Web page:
That’s just for the name. To change the gender designation on the driver’s license requires the signed support of a physician; to change the Social Security record requires a letter from a surgeon certifying sex-changing surgery.
The process, Mottet said, differs widely in Virginia and Maryland — and in this area, people move back and forth between jurisdictions as employees, homeowners and medical patients.
Park, who turns 37 this month, said that it took her a year, with McNamee’s help, to get through the legal morass but that the security of having matching identity documents was worth the trouble. She is able to live with her partner and his child without complications, and she has a steady job.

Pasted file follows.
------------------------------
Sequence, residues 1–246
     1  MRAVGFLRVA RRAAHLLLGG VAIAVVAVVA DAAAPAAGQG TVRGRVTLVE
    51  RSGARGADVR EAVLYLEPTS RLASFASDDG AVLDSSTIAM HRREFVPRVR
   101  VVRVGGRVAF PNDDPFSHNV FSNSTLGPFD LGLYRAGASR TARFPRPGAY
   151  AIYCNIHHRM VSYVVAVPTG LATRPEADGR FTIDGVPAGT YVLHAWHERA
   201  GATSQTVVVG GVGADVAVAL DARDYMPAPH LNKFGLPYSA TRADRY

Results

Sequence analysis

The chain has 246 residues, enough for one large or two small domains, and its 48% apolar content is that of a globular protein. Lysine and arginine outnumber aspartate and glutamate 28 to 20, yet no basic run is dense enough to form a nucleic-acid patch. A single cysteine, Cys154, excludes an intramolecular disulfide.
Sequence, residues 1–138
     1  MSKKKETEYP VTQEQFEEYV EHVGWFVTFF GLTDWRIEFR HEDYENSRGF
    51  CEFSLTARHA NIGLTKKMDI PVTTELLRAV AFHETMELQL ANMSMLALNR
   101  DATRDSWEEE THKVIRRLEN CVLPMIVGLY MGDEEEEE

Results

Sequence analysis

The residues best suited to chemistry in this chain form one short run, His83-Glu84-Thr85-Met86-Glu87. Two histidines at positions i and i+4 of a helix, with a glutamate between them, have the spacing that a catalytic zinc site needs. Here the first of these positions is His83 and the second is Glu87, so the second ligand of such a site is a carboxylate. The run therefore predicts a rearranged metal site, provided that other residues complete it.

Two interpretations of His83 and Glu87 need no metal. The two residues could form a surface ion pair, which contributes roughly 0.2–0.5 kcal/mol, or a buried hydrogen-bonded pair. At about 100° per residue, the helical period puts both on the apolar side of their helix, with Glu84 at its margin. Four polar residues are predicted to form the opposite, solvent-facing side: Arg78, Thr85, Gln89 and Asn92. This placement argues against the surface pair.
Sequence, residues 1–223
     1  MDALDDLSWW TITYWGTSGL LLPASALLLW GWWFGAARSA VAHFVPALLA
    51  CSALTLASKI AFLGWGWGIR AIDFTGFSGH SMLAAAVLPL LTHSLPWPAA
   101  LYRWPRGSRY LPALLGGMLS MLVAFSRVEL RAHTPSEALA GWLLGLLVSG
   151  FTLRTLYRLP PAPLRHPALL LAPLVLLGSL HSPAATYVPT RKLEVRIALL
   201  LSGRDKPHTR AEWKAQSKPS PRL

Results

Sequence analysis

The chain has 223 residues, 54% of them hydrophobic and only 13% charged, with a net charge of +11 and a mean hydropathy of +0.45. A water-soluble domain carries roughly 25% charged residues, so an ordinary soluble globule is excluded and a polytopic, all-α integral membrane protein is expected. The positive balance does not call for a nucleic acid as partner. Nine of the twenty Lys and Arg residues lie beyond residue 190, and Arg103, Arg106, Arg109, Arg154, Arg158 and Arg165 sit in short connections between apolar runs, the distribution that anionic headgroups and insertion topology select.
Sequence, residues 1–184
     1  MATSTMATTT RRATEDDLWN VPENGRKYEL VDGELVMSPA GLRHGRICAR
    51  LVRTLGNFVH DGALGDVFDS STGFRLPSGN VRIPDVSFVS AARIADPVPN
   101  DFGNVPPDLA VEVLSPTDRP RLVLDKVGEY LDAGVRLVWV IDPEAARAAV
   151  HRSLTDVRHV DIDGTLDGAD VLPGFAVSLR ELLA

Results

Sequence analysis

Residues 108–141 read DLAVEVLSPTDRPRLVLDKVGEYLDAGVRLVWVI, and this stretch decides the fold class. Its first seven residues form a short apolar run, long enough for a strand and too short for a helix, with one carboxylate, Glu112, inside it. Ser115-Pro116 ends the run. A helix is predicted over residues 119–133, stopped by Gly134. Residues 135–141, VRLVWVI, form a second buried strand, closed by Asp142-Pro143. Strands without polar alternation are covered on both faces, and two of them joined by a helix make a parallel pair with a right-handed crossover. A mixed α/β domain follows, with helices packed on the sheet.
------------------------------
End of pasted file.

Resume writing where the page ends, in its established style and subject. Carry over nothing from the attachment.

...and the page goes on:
“Whitman-Walker gave me the chance that coming to America should have brought in the first place — the chance to move through this world a little easier,” she said.
The Name and Gender Change Clinic will hold its next sessions on July 11 and Sept. 12, and then offer sessions every other month.
As she surveyed the clientele waiting for the June 12 session to begin — 15 clients attended that first session — Mottet said that “the optimism of these clients is infectious.”
She gestured toward a tall trans woman in a red leopard-print jumpsuit and heels who was handing out cups of soda.
“You made it,” the woman exclaimed as she ducked party streamers to embrace the latest newcomer. “Happy name-changing day!”